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Mayor: Minneapolis PD will no longer conduct 'pretextual' traffic stops for low-level offenses

The policy change was announced as part of the mayor's 2022 budget proposal, which included several public safety funding measures.
Credit: KARE 11
Minneapolis police squad car

MINNEAPOLIS — Minneapolis Mayor Jacob Frey said the city's police officers will no longer conduct "pretextual" traffic stops for low-level offenses.

The policy change was announced as part of the mayor's 2022 budget proposal, unveiled Friday.

According to a city news release, Mayor Frey and Police Chief Medaria Arradondo "have finalized another series of reforms in ongoing efforts to create a more just and accountable system of community safety. Effective today, Minneapolis Police Officers will no longer be conducting pretextual stops for offenses like expired tabs, an item dangling from a mirror, or an expired license."

"Our team has been working with community and the MPD on reforms to traffic enforcement," the mayor wrote in a tweet. "We will soon end stops solely for offenses like expired tabs or items dangling from a mirror. Another concrete change moving us in the right direction."

A spokesperson from the mayor's office says the language of the policy is still being discussed, but the bulk of the measure in place.

Public safety reform in the city of Minneapolis has been a leading topic of discussion since then-MPD officer Derek Chauvin killed George Floyd in May 2020. A jury convicted Chauvin of second-degree murder charges earlier this year.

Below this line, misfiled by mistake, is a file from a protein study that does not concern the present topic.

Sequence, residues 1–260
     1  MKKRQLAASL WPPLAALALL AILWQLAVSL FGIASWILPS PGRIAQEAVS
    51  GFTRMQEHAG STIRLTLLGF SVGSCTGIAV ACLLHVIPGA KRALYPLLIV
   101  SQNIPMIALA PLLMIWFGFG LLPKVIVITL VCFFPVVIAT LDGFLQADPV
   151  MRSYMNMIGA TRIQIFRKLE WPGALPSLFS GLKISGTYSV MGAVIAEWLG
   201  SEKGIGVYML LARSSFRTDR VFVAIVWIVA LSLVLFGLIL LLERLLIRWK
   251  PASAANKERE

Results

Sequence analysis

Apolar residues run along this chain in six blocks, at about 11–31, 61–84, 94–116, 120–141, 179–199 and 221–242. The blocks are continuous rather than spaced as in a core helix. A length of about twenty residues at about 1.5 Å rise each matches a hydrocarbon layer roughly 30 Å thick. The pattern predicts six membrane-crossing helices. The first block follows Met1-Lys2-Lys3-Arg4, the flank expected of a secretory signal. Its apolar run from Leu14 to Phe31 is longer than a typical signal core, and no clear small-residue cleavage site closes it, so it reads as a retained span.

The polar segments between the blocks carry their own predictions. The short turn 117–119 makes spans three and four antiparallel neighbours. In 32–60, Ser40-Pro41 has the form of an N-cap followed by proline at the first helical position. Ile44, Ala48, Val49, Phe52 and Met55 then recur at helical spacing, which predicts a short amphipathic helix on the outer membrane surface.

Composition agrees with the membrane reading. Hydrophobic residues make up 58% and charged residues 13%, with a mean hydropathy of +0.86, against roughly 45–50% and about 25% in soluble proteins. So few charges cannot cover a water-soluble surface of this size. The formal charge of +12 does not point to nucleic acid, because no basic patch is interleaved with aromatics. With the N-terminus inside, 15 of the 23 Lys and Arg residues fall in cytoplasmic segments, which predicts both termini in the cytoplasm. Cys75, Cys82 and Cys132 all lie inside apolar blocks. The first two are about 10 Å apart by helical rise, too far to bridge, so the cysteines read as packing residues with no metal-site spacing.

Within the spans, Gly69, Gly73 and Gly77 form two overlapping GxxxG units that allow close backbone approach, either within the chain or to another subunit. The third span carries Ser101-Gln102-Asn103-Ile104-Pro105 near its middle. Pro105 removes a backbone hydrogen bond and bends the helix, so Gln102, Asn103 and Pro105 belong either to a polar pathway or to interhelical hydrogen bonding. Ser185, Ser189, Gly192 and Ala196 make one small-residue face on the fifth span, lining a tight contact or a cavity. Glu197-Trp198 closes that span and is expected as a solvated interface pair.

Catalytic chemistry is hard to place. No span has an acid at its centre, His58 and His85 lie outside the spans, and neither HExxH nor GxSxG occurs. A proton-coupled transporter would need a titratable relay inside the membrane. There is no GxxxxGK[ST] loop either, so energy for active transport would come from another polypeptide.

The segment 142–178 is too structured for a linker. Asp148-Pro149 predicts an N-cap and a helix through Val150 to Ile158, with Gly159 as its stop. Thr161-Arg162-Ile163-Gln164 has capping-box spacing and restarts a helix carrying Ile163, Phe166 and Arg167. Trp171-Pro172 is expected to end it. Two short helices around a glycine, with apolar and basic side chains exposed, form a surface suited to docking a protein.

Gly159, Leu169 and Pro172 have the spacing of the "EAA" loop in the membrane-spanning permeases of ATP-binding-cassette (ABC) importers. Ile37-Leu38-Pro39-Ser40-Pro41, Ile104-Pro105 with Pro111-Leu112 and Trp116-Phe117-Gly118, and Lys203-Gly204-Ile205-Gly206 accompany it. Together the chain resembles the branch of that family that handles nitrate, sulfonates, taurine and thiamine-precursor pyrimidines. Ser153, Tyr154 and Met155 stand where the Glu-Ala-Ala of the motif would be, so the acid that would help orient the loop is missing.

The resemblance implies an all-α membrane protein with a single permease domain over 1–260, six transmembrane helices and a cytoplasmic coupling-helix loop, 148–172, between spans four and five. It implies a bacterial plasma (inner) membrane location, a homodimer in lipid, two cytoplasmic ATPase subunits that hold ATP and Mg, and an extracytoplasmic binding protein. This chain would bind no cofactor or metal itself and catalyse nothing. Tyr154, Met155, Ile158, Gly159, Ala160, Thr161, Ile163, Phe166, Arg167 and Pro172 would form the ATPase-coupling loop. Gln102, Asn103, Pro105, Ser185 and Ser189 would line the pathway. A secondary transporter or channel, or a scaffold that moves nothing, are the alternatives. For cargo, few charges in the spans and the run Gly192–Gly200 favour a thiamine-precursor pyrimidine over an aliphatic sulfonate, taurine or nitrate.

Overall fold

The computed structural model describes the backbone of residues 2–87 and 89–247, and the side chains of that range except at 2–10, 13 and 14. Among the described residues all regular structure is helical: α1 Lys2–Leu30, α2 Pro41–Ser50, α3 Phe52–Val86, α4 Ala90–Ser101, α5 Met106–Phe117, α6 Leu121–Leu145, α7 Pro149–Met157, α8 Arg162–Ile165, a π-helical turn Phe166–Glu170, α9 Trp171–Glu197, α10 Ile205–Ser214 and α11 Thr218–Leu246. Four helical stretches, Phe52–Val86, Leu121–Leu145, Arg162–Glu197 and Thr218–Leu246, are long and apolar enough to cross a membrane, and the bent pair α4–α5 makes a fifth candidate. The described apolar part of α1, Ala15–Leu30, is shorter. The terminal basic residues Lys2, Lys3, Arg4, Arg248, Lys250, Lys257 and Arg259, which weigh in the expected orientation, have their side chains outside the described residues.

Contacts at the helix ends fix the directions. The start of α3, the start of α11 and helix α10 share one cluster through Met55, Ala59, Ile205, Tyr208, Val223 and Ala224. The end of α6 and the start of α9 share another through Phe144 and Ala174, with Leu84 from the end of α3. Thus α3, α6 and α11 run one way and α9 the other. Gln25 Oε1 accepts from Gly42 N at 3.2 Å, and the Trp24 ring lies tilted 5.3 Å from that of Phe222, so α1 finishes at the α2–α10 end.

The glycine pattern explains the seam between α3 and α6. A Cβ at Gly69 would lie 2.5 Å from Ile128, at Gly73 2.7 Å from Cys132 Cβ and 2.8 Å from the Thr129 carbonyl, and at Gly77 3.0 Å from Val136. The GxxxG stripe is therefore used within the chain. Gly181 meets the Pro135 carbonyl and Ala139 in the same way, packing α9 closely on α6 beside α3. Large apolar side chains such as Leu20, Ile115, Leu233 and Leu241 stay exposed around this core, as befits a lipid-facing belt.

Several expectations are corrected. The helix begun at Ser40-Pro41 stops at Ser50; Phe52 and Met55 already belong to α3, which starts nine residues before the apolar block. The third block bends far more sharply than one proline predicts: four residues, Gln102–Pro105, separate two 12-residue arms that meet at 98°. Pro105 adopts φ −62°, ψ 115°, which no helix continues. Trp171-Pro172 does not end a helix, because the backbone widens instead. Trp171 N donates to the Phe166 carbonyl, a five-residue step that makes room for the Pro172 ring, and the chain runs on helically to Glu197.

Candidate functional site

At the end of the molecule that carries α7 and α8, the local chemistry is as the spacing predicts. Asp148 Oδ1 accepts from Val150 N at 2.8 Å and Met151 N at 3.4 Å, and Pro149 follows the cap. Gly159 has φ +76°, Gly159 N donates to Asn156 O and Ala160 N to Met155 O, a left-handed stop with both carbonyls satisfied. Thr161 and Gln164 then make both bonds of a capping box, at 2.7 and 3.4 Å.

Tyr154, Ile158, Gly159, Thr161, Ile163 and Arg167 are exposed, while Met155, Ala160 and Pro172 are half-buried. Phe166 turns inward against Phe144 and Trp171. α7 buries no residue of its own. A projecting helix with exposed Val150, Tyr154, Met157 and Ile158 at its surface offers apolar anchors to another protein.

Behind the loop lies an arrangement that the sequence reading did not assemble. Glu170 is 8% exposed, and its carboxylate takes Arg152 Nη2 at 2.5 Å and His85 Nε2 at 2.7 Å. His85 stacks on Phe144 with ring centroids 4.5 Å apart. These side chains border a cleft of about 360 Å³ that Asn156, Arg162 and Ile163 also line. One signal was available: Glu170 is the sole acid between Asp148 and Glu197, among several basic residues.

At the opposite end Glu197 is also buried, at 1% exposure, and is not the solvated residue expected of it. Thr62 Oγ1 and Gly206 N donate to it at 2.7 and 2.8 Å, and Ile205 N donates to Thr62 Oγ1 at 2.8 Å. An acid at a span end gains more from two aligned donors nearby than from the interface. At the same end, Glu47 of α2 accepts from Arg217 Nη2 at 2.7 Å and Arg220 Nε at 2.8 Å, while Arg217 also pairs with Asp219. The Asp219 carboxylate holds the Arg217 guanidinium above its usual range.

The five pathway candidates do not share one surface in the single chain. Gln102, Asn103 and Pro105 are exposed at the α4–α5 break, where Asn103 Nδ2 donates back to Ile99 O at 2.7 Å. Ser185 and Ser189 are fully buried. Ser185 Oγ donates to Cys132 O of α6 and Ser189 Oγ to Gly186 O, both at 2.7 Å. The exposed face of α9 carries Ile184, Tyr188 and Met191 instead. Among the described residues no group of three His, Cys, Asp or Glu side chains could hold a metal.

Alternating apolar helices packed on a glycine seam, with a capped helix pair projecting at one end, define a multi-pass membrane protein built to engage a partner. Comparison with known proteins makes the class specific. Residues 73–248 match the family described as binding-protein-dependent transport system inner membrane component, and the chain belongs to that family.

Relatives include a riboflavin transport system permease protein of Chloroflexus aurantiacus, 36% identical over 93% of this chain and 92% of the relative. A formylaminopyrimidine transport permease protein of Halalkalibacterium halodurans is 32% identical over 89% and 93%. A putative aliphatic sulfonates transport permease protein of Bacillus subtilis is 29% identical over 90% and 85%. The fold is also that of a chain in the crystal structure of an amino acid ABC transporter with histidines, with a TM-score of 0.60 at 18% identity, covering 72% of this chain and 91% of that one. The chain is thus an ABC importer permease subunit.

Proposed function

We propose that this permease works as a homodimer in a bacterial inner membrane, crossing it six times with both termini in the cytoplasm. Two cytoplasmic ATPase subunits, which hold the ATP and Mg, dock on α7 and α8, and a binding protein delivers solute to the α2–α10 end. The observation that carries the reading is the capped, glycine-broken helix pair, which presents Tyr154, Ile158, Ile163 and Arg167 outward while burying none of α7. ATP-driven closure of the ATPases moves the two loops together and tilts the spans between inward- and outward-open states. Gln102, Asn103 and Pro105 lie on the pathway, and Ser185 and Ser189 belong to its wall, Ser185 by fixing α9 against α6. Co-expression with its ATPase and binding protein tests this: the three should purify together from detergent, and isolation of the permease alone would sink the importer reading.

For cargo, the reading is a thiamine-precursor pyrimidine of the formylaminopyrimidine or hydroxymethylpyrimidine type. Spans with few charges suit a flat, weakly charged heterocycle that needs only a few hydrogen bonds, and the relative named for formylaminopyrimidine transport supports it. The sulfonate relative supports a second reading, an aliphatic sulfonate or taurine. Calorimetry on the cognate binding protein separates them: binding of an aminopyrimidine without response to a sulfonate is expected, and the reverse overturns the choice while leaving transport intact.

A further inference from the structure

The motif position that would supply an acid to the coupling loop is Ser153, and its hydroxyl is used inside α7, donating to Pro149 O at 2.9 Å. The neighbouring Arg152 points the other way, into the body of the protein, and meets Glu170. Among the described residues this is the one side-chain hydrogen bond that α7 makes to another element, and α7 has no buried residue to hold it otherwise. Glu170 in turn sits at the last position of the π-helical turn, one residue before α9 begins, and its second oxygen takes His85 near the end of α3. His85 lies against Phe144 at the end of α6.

"Investing in accountability from the Minneapolis Police Department is a non-negotiable within Frey’s budget," the city said in a news release.

RELATED: Minneapolis Mayor Frey delivers 2022 budget address focusing on safety, housing

The mayor's budget proposal includes hiring additional staff in the city attorney's office for reviewing police disciplinary investigations, as well as a full-time analyst for body camera footage. The budget also funds five recruit classes for MPD with a focus on "community-oriented officers."

Additional community safety funding in the mayor's 2022 budget proposal includes $7.8 million for the Office of Violence Prevention; investments in youth recreation and programming, including $500,000 for youth-specific violence prevention; and $500,000 "for a state-of-the-art early intervention system to ensure supervisors and department leadership have access to real-time data to help inform when an officer may need additional support or are no longer fit to serve."

Mayor Jacob Frey's complete 2022 budget proposal can be found here.

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